This is an “Oh, God!” moment in the movie. Unexpected by many but totally credible on all fronts. Bruce is a psychologist, who before he was shot, was slated to have an appointment with the child. The writer played fair, told viewers and the Bruce character that these people didn’t know they were dead. The boy helped Bruce to communicate. So the plot twist of Bruce being dead seems totally acceptable, credible, logical, plausible, and in an unexpected way that carries the sense of inevitability. After all, at the very beginning of the movie, we did see Bruce get shot. We did see the camera back off from him in such a way that we make the symbolic connection of his soul leaving his body and moving ceilingward–as we have read and heard happens from near-death-experiencers. And we did see his wife eating alone, him in the boy’s home but not actually talking with the boy’s mother. The hints were subtle, but definitely there.
In crafting a story, the writer leads the reader through the points of A to C carrying proofs to substantiate every move. But when the writer incorporates the twist and detours to the numeric line at Number 5, the reader should be able to think back to all that came before this point in the story and see that those proofs held double meaning. That is exactly what happened in THE SIXTH SENSE.
Following A to C seemed a natural progression. Yet A to C also held subtle evidence of the numeric line, Numbers 1 and 2. In other words, the viewer could forget what they thought they saw in those points and see them in a new light as the precursors for that parallel numeric line. And all the pieces fit. The points and the numbers (I know, numerals; it’s one of my quirks) are in place.
From the writer’s perspective: The writer develops Point A and B. But s/he also develops Numeric Line 1 and 2. And then the writer merges them, giving him/her A-1 and B-2.
What’s really happening? The writer is making sure:
1. The points fit, A to Z, and form a cohesive unit, standing alone.
2. The numeric lines fit, 1-100, and form a cohesive unit, standing alone.
3. The points and numeric lines are dovetailed so the sequencing and content of both are working in harmony with each other and enhance each other.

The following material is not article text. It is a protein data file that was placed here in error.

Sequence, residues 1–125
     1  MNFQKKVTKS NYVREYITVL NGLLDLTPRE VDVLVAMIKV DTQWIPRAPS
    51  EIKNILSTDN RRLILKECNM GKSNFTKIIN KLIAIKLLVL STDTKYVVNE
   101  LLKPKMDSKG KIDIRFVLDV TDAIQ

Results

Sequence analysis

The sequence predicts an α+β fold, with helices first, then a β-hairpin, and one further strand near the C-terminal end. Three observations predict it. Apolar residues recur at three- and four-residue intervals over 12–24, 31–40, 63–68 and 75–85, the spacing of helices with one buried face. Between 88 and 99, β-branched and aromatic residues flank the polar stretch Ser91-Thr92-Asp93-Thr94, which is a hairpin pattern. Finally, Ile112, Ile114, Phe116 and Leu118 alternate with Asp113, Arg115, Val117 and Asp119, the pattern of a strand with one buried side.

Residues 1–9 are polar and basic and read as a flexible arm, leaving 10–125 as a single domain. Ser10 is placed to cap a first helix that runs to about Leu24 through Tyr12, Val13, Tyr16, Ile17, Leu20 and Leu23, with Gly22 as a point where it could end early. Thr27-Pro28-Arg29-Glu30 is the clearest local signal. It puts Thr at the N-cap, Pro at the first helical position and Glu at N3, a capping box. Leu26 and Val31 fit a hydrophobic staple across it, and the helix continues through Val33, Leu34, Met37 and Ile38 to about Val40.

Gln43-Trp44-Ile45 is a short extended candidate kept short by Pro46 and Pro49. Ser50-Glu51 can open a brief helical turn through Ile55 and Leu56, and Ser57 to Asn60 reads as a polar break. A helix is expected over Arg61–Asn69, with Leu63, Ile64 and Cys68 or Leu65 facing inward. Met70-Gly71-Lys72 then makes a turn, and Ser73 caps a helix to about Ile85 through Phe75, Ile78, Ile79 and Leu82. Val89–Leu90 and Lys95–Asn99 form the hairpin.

By no means must plot twists be as complex as the one in THE SIXTH SENSE, but it’s an excellent example of one that’s very well done.
A twist might be something as small as a character believing a specific, seemingly small thing about a second character and learning it’s not true. This truth can totally alter the first character’s outlook, which alters his/her opinion, or motivates him/her to take a different next step than planned. That truth could change the emotional, spiritual, or physical environment in the character. And that change can totally change the novel.
An example. Your spouse lies to you about something really important. You discover the truth from another source (not from your spouse).
How does this discovery impact your feelings for your spouse? About his/her character? About loving him/her? How does this lie and discovery impact your feelings about yourself? Do you question your own judgment? You did choose to trust him/her. Do you feel betrayed? Angry? How angry? Isolated? Alone? Guilty?
What is your reaction to the discovery? Say you learned the truth from a friend. How does this impact your friendship? Are you embarrassed and ashamed; move away from the friendship? Do you grow closer with the friend, seek counsel and comfort from him/her?
What are you going to do about this lie? It’s vitally important. (Characters must face conflicts of consequence to be admirable.) Are you going to confront your spouse? Ignore the discovery? Blame yourself? Forgive him/her? Divorce him/her? What are you going to do?
Odds are that something is going to change on some front. Staying within the confines of being human, odds are strong that every single thing that has occurred in the relationship up to the time of this lie and discovery coming to light are going to impact your decision. In other words, you’re going to take a hard look at what motivated your spouse to lie. Was it to protect you? To protect him/herself? Force? Fear? Cowardice?
Those motivations elicit different responses in you–and in your reaction to your spouse’s deceit.
The important thing to remember about plot twists is to develop those parallel lines. So that when a twist occurs, the reader finds it credible and makes the leap along with the characters. Those “Oh God!” moments delight and entertain long after the novel is read–and reread.